Pressing Matters

Jordan Henderson’s latest role in Brendan Rodgers’ side may be his most effective yet, argues Hari Sethi.

After his solid game against West Brom, can he hold onto his place in the team?

Since joining LFC in June 2011, the young English midfielder Jordan Henderson has had his fair share of ups and downs.

Though it would be any young player’s dream to earn such a big move early on in their career, Henderson was made to pay the price for the vast sum it took to acquire his services.

Purchased for around £20m, the expectation placed upon Henderson’s shoulders and level of scrutiny the young midfielder came under from Liverpool supporters, was both unfair and misguided.

Such scrutiny should’ve befallen those who spent such an exorbitant amount of money on a 20yr old England international, who although undoubtedly talented, was heavily overvalued by his home club.

Following his move to Anfield, Henderson struggled to impose himself upon a Liverpool team in the midst of an identity crisis.

Though Henderson had earned admirers from his performances playing through the middle for Sunderland, Dalglish saw fit to place him on the right wing, a position the midfielder was both unaccustomed to and ill equipped to perform effectively.

Throughout his time at Liverpool, Henderson has suffered from a willingness to sacrifice his own footballing preferences for the benefit of the team and the midfielder’s ability to be multi-functional has often meant industrious performances go overlooked.

After a confidence-destroying season out of position under Dalglish, many would’ve understood if the young midfielder shied away from the challenge of winning such a critical crowd over and yet submission is a phrase with which Henderson doesn’t seem to register.

After convincing Rodgers of his desire to work hard and make himself a success at Anfield, Henderson has displayed both considerable graft and a tactical nous that belies his tender years.

Though he has continued to display his ability to play in a variety of positions, filling in at right wing back following the injury to Glen Johnson, it has been in Henderson’s return to a central position that the young midfielder has truly begun to flourish.

Following Lucas Leiva’s suspension (through accumulated bookings), Henderson was chosen by Rodgers to partner Gerrard as part of LFC’s central double pivot. The young midfielder’s considerable fitness levels allowed him to relieve Gerrard of his defensive duties and permitted the Liverpool talisman to have a greater influence upon games, albeit from a deeper position.

Yet despite such performances, Liverpool’s midfield balance has seemed out of sorts, with the two sitting midfielders often unable to spread enough to effectively establish a semblance of control within a match.

Liverpool’s tactical flaw has been routinely exposed this season with opponents often finding it too easy to stroll through the middle of the pitch, a feat that Southampton’s pair of Wanyama and Schneiderlin frequently achieved with worrying ease during their side’s impressive victory at Anfield in September.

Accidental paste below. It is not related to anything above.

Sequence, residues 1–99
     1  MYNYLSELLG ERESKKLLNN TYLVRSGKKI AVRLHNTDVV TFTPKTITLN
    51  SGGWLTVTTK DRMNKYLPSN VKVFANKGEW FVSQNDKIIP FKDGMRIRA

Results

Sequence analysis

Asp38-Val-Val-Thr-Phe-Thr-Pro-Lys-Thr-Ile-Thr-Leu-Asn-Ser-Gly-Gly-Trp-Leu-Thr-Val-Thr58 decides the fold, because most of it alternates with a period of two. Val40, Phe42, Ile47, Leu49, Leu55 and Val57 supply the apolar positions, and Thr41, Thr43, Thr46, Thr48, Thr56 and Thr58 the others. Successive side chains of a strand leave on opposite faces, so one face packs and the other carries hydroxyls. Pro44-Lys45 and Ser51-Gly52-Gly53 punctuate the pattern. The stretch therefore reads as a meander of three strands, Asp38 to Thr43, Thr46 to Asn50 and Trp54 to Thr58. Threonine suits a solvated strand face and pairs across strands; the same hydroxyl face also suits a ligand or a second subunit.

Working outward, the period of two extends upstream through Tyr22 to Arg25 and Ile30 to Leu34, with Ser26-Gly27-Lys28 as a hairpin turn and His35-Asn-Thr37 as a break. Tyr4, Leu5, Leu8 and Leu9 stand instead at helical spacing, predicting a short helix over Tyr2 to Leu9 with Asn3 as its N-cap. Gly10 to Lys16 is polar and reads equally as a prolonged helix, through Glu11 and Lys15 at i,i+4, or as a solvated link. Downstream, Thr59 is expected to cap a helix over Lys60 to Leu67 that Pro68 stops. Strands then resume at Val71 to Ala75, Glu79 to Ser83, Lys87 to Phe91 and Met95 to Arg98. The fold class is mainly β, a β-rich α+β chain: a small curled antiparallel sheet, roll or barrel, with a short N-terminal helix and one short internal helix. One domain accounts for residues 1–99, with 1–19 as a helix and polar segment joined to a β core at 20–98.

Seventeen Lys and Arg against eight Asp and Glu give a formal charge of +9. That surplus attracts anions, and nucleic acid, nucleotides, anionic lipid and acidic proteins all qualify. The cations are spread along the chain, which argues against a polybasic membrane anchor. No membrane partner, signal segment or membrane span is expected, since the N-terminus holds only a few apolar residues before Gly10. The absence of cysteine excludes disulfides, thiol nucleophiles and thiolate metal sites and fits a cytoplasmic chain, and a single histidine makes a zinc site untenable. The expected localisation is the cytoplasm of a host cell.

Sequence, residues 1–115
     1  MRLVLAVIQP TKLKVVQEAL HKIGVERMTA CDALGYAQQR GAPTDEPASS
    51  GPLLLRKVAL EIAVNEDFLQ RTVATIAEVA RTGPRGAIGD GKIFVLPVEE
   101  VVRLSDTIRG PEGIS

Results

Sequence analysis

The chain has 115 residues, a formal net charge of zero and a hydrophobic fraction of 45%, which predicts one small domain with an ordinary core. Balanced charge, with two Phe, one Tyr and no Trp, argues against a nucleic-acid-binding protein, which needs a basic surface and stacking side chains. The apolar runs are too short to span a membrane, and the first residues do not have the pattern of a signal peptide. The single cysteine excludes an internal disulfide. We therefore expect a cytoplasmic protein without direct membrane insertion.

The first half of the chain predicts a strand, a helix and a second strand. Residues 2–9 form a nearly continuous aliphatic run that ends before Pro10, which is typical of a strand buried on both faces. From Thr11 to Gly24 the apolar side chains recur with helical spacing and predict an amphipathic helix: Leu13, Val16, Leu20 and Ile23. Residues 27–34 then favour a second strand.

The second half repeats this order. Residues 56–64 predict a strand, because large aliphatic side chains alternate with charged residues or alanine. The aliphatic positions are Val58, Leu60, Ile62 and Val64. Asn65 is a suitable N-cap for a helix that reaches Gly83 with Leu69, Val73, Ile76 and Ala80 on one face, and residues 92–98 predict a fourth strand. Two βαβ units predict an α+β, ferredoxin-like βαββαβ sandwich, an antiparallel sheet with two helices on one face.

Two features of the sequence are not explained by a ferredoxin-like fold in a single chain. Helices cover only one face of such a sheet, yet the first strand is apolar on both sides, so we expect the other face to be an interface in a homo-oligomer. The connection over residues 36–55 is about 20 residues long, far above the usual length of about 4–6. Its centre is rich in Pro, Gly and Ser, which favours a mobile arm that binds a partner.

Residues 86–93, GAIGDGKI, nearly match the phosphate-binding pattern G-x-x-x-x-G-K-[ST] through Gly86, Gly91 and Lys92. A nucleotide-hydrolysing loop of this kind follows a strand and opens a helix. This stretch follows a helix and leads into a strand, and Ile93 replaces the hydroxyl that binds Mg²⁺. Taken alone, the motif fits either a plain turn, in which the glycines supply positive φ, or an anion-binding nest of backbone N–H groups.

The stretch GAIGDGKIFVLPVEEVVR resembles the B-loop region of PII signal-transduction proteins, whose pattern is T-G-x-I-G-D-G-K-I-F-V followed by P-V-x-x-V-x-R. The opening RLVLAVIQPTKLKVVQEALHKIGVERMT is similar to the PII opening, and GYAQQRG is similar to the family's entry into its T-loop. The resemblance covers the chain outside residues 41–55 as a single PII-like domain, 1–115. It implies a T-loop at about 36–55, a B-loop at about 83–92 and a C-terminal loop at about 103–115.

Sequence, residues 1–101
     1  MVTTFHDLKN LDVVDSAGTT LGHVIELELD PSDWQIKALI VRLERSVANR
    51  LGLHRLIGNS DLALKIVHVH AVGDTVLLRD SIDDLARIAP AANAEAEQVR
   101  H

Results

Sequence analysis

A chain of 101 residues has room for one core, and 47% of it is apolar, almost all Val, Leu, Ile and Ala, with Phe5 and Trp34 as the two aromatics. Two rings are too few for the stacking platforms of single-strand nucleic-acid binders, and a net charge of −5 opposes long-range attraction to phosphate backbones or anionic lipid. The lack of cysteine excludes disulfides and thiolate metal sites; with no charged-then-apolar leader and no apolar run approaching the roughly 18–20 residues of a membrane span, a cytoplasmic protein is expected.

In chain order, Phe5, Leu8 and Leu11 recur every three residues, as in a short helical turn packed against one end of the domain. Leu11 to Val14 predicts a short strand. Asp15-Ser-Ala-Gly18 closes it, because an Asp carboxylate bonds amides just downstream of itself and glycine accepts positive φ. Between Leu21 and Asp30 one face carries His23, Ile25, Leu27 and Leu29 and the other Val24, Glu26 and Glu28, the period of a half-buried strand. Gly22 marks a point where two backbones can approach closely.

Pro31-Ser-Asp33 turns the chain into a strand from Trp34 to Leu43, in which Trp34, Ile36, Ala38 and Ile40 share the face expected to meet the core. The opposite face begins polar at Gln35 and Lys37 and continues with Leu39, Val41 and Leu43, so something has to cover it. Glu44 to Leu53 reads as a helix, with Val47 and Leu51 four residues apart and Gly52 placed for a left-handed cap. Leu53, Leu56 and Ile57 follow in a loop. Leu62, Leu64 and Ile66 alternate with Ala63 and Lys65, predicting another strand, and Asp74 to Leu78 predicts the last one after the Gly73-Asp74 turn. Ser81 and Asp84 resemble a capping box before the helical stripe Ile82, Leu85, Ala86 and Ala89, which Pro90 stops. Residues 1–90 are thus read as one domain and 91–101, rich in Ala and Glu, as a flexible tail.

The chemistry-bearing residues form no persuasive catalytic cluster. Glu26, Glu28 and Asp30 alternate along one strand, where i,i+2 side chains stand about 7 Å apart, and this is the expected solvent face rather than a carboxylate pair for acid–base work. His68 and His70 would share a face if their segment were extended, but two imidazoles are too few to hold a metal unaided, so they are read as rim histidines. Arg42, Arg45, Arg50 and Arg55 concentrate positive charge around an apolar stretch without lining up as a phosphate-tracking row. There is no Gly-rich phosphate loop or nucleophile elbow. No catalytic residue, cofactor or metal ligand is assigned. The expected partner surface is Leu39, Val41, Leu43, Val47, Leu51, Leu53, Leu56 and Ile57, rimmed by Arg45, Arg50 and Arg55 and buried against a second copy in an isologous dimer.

So although Henderson’s performances were admirable in their intensity and endeavour, it is his latest role alongside Gerrard that has finally seen Jordan  win over even his most persistent of critics.

Following the return of Lucas and Johnson against West Brom on Saturday, Brendan Rodgers finally felt comfortable to flip his midfield triangle, assigning the Brazilian the deeper role of a lone controller, whilst deploying Gerrard and Henderson as an attacking pair, capable of pushing further up the pitch.

Such a tactical reshuffle produced great results, with Liverpool comfortably despatching a West Brom team that arrived at Anfield unbeaten in five league games, including an away win at Old Trafford.

Though Suarez and Sturridge will predictably receive the plaudits for their attacking display, it was Henderson’s considerable athletic performance on Saturday which provided the team with the platform to construct such an impressive win.

As part of the advanced pair in midfield, Henderson’s relentless energy was put to use, as he pressed his opponents tirelessly high up the pitch.

Such a persistent level of pressing allowed Gerrard greater time and space on the ball, enabling the Liverpool captain to focus his formidable talents on an attacking influence just behind the two strikers.

Henderson still has room for vast improvement if he is to truly realise his undoubted potential but considering the endeavour he has shown to enhance both his tactical awareness and distribution of the ball, such progress is steadily being made.

Henderson’s strong performances for the team also places Rodgers in a quandary of sorts, as he considers whether to return the talented Philippe Coutinho back into the team – in place of the industrious midfielder – or force the Brazilian to earn his way back into an increasingly competitive first eleven. 

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